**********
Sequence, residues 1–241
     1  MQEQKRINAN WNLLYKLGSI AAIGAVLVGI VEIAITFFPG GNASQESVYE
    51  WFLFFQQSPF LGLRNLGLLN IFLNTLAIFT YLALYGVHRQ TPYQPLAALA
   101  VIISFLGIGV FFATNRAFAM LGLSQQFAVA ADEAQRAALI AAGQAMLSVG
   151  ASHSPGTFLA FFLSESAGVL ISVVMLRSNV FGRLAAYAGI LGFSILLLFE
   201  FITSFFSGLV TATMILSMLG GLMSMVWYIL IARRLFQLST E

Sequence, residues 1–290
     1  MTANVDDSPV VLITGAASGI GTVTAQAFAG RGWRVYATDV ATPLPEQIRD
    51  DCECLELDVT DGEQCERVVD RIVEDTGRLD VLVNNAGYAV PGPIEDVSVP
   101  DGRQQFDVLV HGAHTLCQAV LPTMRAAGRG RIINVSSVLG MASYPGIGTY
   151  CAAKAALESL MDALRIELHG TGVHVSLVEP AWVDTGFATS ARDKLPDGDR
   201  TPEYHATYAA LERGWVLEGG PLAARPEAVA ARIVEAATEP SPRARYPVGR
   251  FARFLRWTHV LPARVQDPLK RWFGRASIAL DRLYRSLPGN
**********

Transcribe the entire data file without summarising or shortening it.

Sequence, residues 1–241
     1  MQEQKRINAN WNLLYKLGSI AAIGAVLVGI VEIAITFFPG GNASQESVYE
    51  WFLFFQQSPF LGLRNLGLLN IFLNTLAIFT YLALYGVHRQ TPYQPLAALA
   101  VIISFLGIGV FFATNRAFAM LGLSQQFAVA ADEAQRAALI AAGQAMLSVG
   151  ASHSPGTFLA FFLSESAGVL ISVVMLRSNV FGRLAAYAGI LGFSILLLFE
   201  FITSFFSGLV TATMILSMLG GLMSMVWYIL IARRLFQLST E

Sequence, residues 1–290
     1  MTANVDDSPV VLITGAASGI GTVTAQAFAG RGWRVYATDV ATPLPEQIRD
    51  DCECLELDVT DGEQCERVVD RIVEDTGRLD VLVNNAGYAV PGPIEDVSVP
   101  DGRQQFDVLV HGAHTLCQAV LPTMRAAGRG RIINVSSVLG MASYPGIGTY
   151  CAAKAALESL MDALRIELHG TGVHVSLVEP AWVDTGFATS ARDKLPDGDR
   201  TPEYHATYAA LERGWVLEGG PLAARPEAVA ARIVEAATEP SPRARYPVGR
   251  FARFLRWTHV LPARVQDPLK RWFGRASIAL DRLYRSLPGN